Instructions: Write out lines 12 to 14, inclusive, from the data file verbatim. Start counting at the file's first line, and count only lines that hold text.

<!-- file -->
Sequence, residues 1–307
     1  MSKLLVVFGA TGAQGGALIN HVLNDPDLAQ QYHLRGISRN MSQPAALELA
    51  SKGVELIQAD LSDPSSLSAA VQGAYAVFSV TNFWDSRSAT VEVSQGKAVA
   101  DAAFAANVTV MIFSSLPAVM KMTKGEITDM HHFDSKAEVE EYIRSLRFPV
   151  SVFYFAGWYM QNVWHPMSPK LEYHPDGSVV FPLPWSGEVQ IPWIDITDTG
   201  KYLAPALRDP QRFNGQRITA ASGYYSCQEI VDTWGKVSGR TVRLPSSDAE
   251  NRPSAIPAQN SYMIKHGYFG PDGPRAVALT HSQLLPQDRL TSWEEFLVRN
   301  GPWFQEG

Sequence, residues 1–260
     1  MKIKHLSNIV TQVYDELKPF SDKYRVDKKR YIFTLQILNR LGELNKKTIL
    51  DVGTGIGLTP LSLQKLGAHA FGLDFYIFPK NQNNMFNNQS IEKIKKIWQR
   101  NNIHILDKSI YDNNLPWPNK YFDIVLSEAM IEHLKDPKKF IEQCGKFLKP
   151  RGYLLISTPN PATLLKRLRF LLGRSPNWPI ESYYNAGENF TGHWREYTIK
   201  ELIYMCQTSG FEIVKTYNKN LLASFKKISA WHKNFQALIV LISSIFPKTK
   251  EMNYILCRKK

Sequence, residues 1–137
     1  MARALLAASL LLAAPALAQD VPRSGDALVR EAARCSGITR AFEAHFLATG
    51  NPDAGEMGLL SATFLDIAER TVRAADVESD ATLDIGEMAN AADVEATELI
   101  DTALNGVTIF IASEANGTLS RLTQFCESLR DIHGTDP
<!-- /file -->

   101  NNIHILDKSI YDNNLPWPNK YFDIVLSEAM IEHLKDPKKF IEQCGKFLKP
   151  RGYLLISTPN PATLLKRLRF LLGRSPNWPI ESYYNAGENF TGHWREYTIK
   201  ELIYMCQTSG FEIVKTYNKN LLASFKKISA WHKNFQALIV LISSIFPKTK